My first choice, lamb chops with all the trimmings, was off so I switched to the pork instead. It’s not actually an exaggeration to say that Poppins’ lamb chops are some of the best I have eaten, although I wasn’t holding out the same hopes for the porcine variety. Thankfully, whist being a little dry, they passed my stringent, Homer Simpson-esque, test. 

If there's any sight more comforting than grilled tomato, fried mushrooms, chops chips and peas, especially when one has crawled off their death bed to eat it, I haven’t yet made its acquaintance, and this was my perfect plate of comfort food. Oh, yeah, and it's all yours for £6.45.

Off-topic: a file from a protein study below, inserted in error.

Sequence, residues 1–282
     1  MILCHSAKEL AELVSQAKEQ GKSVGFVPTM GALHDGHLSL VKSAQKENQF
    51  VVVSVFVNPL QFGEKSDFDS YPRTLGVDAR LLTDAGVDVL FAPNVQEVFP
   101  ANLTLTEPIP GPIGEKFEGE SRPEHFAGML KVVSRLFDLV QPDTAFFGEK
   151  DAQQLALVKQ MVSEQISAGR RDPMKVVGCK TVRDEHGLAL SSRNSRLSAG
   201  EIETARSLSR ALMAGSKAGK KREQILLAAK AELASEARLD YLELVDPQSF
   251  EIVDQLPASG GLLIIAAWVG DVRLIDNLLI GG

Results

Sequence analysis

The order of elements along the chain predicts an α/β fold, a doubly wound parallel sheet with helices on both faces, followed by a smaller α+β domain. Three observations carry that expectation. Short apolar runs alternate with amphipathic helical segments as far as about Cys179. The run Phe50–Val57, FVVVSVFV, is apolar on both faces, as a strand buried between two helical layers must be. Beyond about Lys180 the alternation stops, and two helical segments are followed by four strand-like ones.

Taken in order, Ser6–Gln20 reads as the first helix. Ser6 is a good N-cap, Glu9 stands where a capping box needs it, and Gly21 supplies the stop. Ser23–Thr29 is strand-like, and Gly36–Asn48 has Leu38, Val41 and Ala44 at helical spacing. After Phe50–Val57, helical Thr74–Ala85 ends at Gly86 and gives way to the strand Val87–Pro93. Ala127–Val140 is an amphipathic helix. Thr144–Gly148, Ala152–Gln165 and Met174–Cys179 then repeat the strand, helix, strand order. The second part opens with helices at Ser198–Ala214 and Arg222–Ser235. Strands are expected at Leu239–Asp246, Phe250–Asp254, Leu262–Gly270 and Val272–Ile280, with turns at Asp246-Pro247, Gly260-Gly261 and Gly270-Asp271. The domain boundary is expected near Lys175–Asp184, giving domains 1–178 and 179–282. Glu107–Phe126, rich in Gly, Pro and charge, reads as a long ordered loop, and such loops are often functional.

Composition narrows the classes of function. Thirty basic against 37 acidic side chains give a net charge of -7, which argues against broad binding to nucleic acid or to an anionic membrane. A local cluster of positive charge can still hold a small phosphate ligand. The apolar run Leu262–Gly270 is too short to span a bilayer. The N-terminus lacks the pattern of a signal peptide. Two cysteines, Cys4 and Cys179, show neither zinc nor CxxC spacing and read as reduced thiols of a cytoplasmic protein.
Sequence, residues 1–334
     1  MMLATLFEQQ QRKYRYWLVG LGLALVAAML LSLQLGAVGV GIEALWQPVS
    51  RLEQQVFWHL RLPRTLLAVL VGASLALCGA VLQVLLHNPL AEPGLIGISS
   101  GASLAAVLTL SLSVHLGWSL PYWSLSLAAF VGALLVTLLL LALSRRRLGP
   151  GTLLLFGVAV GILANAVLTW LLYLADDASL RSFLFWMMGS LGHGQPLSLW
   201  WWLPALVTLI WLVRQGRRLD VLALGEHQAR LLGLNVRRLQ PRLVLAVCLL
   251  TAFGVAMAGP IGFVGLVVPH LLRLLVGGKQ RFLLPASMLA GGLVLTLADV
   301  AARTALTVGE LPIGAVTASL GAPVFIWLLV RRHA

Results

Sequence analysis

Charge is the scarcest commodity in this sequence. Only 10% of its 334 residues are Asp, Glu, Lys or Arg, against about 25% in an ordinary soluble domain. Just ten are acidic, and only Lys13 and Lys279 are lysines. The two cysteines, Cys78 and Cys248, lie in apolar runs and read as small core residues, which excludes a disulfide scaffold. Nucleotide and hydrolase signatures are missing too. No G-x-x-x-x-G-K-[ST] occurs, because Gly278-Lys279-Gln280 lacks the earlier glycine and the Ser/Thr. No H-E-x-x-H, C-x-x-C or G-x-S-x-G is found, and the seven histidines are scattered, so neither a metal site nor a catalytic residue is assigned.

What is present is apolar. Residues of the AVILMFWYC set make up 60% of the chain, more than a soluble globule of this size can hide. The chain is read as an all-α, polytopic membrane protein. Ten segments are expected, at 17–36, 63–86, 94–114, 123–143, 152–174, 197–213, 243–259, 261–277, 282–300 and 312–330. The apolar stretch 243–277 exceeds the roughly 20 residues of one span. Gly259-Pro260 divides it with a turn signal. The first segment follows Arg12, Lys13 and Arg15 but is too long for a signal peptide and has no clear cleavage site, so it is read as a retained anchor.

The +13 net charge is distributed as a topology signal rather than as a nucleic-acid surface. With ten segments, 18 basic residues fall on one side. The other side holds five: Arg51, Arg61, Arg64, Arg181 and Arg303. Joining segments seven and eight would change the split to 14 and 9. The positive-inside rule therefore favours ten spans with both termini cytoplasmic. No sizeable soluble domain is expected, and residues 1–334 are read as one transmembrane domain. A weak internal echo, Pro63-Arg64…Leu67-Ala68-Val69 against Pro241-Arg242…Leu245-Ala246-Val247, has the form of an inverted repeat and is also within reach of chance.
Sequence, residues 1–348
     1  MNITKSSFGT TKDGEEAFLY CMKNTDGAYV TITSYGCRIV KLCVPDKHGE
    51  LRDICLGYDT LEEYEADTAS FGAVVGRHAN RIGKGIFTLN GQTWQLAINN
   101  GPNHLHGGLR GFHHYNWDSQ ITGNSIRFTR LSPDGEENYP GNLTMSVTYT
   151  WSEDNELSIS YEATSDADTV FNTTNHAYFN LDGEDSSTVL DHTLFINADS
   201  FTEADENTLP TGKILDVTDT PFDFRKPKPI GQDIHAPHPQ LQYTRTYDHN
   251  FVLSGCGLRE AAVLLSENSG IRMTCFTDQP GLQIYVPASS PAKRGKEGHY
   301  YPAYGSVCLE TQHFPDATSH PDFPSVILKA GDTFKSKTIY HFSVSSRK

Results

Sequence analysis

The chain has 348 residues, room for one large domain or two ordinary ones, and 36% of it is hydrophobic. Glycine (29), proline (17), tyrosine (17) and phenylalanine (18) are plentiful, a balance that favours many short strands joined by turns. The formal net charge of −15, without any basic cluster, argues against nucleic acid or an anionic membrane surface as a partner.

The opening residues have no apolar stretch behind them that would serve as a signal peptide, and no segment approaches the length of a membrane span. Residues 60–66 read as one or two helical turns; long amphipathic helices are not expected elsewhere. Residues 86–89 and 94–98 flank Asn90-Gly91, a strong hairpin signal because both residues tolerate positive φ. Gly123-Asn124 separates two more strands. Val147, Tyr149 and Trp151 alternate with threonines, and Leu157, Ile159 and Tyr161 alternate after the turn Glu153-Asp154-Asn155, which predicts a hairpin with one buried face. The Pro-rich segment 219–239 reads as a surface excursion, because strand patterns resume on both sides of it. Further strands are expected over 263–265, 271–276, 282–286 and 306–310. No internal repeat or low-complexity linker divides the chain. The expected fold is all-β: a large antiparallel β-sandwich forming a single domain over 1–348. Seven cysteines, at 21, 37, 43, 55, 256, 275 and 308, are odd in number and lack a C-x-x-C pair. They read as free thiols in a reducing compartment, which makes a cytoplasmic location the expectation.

The Ewing, unsurprisingly, was in her culinary heaven, choosing the three egg omelette with cheese and mushroom as a paean to the homely cooking of her Mum, whose childhood offering of ‘yellow fish with mash and peas’ remains her favourite dish, regardless of how many Michelin stars are on the menu.

With a pudding list like the one above, how could you resist (although I'm not sure if the Ewing's look is joy or trepidation)? Of course, we couldn’t and soon we were staring down a silver platter of pancakes heaped with hot cherries and a can of cream. If you want to look at the reasons behind the hole in the Ozone layer, Poppins is probably a good place to start.

CFCs aside, this is England set in aspic, the kind of place everyone remembers visiting with their grandparents - and still does, judging by the clientele. Come for lunch, stay for heart disease and diabetes, although they do have an on trend smoothie menu and even a selection of salads (prominently featuring cheese, mayo and coleslaw, obviously). The staff are also lovely, although the music – Muse interspersed with Nat King Cole – was possibly an acquired taste.